Some people experience stomach cramps or intestinal pain after a vigorous workout. Athletes who run or compete in high-intensity competitions such as biathlons or Iron Man competitions also sometimes report abdominal pain after strenuous training or performances. Although the severity and duration of the discomfort vary with the individual, some common causes have been linked to stomach pain after strenuous exercise.
According to Mary A. Jenkins, M.D., and Caryn Honig, R.D., at Rice University, hydration depends on the rate at which fluids are emptied from the stomach. Stomach pain can occur after the activity if there is insufficient fluid in the body before and during exercise, or if the amount of fluid lost by sweating exceeds the intake. Cool liquids leave the stomach faster than body-temperature ones, and drinks with a high simple-sugar content, such as soft drinks, leave more slowly than water or sports drinks. Athletes are advised to over-hydrate with water or sports drinks before strenuous exercise, but not enough to feel too full. In addition, they should consume cool liquids every 10 to 15 minutes during exercise and avoid sugary drinks to keep up with fluid loss through sweating.
The Rice University personnel also contend that the type of food consumed prior to strenuous exercise can also cause stomach pain. Foods high in fibre, carbohydrates, fat, and protein can cause cramps and other gastrointestinal problems. Some runners avoid these effects by using a carbohydrate supplement instead of eating rice or pasta, to minimize material in the upper digestive tract during exercise.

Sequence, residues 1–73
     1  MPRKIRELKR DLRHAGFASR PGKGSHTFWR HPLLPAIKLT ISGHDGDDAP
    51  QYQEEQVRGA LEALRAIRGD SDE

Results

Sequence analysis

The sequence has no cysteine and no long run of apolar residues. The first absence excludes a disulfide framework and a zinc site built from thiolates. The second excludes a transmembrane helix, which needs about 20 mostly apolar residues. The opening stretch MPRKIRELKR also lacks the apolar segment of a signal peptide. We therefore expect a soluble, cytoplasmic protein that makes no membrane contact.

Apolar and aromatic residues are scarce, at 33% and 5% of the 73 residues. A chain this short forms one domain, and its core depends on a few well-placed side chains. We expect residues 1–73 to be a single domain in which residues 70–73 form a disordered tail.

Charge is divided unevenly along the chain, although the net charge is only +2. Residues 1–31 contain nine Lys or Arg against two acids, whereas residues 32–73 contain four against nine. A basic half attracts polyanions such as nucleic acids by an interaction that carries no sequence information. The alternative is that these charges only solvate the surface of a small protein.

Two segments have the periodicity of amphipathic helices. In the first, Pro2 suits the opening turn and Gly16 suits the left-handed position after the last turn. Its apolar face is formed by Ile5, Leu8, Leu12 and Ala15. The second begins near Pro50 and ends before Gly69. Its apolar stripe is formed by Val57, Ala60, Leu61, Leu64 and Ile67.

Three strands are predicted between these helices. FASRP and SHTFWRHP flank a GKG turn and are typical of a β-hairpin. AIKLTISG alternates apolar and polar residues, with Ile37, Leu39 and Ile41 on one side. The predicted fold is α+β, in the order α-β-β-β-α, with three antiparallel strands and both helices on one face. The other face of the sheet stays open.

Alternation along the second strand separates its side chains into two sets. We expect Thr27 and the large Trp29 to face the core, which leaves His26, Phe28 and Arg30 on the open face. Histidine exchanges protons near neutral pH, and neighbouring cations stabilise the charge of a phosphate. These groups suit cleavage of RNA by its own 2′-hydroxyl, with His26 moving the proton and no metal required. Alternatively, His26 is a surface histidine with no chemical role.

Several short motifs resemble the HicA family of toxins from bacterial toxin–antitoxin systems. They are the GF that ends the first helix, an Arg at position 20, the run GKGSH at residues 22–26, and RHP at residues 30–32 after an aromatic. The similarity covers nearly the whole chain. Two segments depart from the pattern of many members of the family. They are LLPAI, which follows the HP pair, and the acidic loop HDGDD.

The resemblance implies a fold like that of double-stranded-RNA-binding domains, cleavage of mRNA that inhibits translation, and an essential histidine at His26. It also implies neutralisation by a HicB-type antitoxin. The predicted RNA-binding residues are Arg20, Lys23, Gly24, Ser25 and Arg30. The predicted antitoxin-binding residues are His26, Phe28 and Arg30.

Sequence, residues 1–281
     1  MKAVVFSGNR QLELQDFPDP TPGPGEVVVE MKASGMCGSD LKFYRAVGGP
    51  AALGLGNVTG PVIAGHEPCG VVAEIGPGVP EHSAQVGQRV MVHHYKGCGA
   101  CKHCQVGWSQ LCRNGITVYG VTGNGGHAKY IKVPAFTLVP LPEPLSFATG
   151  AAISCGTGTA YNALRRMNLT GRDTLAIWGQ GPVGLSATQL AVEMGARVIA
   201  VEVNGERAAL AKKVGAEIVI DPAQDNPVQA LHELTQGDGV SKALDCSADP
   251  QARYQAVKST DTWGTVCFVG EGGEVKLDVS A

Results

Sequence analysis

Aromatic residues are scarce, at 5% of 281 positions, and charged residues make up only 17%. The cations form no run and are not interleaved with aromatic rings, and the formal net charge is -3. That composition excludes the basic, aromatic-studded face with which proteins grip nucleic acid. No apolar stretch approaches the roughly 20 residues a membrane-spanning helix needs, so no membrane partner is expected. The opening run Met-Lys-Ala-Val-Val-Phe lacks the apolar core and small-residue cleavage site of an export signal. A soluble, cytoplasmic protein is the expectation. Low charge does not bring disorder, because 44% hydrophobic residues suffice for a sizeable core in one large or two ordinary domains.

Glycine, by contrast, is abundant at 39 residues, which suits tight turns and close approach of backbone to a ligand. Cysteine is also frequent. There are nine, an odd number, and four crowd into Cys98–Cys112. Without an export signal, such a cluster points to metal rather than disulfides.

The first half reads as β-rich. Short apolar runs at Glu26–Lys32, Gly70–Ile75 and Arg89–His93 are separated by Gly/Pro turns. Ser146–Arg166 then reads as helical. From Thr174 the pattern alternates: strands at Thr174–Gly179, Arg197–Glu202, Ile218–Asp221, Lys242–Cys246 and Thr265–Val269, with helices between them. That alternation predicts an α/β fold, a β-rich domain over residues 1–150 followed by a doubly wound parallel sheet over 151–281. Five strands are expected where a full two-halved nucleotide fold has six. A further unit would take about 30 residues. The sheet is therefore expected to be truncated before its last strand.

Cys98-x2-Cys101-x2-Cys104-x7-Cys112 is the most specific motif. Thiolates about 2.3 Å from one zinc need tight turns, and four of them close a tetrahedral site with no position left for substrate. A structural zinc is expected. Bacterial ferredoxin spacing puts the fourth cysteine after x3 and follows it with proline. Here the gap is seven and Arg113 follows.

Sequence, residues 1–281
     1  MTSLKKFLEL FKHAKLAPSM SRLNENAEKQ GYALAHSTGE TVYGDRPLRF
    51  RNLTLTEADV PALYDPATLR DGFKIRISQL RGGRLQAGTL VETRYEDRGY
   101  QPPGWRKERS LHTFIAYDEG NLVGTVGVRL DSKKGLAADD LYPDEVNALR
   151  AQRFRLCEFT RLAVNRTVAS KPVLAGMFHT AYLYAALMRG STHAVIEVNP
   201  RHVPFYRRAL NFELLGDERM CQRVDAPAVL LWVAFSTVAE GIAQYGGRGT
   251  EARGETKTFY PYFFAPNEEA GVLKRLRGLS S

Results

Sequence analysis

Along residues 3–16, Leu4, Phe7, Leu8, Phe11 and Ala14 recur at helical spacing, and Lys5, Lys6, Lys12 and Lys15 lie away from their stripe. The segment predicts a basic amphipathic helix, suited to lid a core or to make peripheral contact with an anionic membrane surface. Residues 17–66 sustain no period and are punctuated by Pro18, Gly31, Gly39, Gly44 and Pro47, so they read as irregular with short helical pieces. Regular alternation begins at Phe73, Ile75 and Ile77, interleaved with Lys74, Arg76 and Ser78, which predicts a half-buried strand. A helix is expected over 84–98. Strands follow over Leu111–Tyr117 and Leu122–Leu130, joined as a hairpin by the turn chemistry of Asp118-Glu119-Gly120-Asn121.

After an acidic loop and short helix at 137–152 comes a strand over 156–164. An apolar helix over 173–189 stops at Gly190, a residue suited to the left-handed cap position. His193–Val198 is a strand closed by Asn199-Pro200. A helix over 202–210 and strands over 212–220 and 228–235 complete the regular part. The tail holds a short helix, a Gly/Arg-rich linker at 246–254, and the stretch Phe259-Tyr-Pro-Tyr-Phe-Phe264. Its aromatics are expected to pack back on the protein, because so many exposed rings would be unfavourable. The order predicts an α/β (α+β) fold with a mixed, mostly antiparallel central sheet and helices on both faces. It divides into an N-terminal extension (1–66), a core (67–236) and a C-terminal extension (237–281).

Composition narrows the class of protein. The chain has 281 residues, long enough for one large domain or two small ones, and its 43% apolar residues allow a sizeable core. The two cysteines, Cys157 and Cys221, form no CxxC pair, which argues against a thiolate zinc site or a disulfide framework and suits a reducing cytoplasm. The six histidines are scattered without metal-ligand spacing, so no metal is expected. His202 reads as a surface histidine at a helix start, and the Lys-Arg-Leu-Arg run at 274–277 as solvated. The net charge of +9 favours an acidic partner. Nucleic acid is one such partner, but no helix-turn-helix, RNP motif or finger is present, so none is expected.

Stomach Acid Increase
Dr. Zhou Xianbin, who leads the Department of Gastroenterology at China’s Taizhou Hospital, reports that heavy exercise causes the stomach to produce excess acid. He maintains that consuming spicy food just after a rigorous workout can irritate the stomach and cause pain.
Dr. Gabe Mirkin contends that, when the stomach is full, stomach muscles require a great deal of blood in order to promote the digestion process. If the heart is not strong enough to pump blood to the stomach muscles and also to other muscles during strenuous exercise, lactic acid builds up in the stomach muscles, causing pain. People can avoid these problems by not eating within 30 minutes prior to exercise. However, an athlete must be sure to consume a sufficient amount of calories for the body to be able to stand up to the rigors of the exercise.
Hypertonic sports drinks -- those with higher than 8 percent concentrations of minerals and carbohydrates -- may cause stomach pain after intense exercise. The principle is the same as overloading the stomach with food high in carbohydrates, notes the website Cycling Performance Tips.